Sunday, September 02, 2012

ARTICLE ~ Drdha ~ Part Seven

Footprints upon the Earth

Two and a half thousand years ago, during the Axial Age, many significant individuals emerge, who found religions that have survived with varying degrees of success until today.  Lau Tsu founded Taoism, and Gautama Buddha founded Buddhism, during this time. This era is before historical documentation, in an age of oral transmission of teachings. All that we come to know now as Buddhism and Taosim, comes from texts written down and assembled several centuries later, or from more recent archaeological discoveries in the last century and a half.
Due to this factual absence and lack of substantial verification, it is unclear how historical these figures actually were. Did they actually live at all ? Both Lau Tsu and Gautama Buddha could have existed, but they may also be compound figures created around a coherent body of teachings that had no single founding figurehead. The consistency of the teachings might indicate the authority of a single visionary figure, but this might also have been created retrospectively  Both religious traditions appear to have been aniconic in their early days, and only developed a tradition of symbolism and representation of their founders, around the same time as their oral traditions became written ones. It could be there was no prohibition about representing their founder, because there was no specific individual founder to represent. To prevent this viewpoint hardening into objective fact, lets just recognise that it’s all conjecture, and only one of many such conjectures with very different assumptions as their basis. Until more concrete evidence emerges we can only conjecture on the basis of very limited and frequently unreliable sources.

Our twenty first century perspectives and assumptions themselves, may be be blinding us or distorting our perceptions of what was really going on then. Misinterpreting the perceptions and motivations of people of this time. They may have had significant cultural reservations about the making of images in general, that we do not have now. It is not uncommon for early agrarian societies to see making an image of someone as imprisoning their souls in stone. Imagine then how loaded making a representation of a supposedly enlightened being might then become.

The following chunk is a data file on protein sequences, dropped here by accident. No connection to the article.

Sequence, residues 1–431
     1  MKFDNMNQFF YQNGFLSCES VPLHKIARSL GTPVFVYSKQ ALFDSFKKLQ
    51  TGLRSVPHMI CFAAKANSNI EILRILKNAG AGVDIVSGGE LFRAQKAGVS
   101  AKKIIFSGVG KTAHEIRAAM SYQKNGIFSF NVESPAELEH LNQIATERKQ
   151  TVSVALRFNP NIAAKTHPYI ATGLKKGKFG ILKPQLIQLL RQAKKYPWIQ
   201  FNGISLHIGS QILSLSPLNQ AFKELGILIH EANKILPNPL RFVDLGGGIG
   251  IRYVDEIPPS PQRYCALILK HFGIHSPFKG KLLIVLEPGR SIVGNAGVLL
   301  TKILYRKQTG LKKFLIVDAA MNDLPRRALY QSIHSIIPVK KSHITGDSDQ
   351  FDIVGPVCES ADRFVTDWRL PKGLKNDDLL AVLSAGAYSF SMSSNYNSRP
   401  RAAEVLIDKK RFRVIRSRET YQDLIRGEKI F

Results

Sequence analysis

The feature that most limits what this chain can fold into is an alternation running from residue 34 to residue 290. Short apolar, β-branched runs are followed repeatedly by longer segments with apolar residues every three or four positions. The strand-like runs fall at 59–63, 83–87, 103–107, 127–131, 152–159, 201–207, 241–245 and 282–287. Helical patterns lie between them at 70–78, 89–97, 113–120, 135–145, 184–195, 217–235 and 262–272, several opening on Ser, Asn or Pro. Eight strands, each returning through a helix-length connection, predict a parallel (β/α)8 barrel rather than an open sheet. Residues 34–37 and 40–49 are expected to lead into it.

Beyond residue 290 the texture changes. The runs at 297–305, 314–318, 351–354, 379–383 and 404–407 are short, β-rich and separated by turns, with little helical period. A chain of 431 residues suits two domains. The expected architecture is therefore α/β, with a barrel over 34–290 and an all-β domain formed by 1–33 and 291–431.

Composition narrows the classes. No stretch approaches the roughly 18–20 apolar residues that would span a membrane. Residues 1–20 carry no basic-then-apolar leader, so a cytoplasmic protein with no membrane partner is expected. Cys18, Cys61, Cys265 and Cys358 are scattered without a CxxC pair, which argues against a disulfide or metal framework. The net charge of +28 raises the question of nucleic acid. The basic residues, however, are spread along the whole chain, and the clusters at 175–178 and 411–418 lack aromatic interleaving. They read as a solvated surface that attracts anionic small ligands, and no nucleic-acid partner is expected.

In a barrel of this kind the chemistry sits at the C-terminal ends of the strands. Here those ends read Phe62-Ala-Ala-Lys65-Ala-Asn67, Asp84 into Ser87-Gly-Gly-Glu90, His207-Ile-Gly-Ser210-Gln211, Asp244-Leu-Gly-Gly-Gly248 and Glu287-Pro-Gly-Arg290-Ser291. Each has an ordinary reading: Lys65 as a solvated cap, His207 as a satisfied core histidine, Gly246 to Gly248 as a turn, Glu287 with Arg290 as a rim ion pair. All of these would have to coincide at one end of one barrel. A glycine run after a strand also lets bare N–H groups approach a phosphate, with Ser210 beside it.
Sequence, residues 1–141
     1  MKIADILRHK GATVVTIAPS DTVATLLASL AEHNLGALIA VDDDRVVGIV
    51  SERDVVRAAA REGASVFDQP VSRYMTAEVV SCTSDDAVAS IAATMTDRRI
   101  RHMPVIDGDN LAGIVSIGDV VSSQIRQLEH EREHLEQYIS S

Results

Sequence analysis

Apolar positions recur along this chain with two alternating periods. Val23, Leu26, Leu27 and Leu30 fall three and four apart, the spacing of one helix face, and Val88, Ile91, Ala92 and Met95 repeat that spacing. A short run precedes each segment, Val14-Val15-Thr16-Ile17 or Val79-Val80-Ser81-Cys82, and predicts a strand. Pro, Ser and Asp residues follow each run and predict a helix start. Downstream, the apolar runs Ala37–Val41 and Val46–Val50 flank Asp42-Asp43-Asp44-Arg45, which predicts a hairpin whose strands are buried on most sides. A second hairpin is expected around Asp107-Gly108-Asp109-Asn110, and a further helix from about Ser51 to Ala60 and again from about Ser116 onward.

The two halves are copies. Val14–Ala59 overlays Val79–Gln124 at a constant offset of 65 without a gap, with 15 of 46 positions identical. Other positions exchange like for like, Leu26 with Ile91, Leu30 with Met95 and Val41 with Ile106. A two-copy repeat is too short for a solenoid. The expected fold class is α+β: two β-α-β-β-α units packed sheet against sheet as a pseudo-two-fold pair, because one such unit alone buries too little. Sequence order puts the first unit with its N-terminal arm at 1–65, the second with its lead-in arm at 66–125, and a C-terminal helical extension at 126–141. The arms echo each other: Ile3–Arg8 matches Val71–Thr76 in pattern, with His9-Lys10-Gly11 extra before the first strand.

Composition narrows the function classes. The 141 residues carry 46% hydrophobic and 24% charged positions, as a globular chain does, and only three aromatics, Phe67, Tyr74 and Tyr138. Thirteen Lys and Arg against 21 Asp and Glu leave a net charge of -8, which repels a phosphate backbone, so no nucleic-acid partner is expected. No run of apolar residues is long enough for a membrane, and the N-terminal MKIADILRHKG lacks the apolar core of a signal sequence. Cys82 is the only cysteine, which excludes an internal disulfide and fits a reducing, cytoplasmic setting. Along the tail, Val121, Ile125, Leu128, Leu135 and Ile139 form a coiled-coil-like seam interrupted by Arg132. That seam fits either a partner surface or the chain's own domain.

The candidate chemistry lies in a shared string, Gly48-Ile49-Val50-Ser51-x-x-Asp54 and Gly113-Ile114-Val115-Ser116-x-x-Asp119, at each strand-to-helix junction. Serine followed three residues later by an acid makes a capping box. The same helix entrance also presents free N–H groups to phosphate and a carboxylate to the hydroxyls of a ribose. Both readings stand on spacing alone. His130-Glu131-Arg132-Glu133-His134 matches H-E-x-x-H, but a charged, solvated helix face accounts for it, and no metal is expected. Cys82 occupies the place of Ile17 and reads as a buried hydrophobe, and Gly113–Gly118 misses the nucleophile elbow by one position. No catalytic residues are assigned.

The first Buddhist images when they do arrive two centuries later in the 3rd Century BC represent the Buddha symbolically, as an empty chair, a riderless horse, a stupa, or a pair of footprints. The common theme being of an absent presence. They show that the Buddha once sat, rode and walked upon the earth, but he does so no more.  He left his mark, but now he has gone. One of the epithets of the Buddha is ‘the trackless one’ the one who has gone beyond making his self distinct in the world. So it’s paradoxical that the Buddhapada, the Buddha’s footprints, his stylised tracks, should become a cult object of veneration. There are a couple of apocryphal stories surrounding the Buddha and his footprints, that give some background to why this was. The Buddha was said to have walked immediately from birth, and each step he took left a footprint with a golden lotus flower in it. The lotus being an early symbol for the unfolding of Enlightenment, this was meant to be a presentiment of his future attainment. After his Enlightenment, the Buddha’s footprints are said to have left imprints in the earth of the dharmachakra embossed in their soles. Everything he did was now so imbued with the Dharma that even as he walked he left an imprint of it. So however ‘trackless’ he’d personally become, he did leave the track of the Dharma.